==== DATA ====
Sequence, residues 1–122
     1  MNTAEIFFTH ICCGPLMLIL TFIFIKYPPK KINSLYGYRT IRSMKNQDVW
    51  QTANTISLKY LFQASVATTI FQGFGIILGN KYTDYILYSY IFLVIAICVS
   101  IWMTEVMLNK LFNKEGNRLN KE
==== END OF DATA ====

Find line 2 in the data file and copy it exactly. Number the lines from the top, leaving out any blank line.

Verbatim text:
     1  MNTAEIFFTH ICCGPLMLIL TFIFIKYPPK KINSLYGYRT IRSMKNQDVW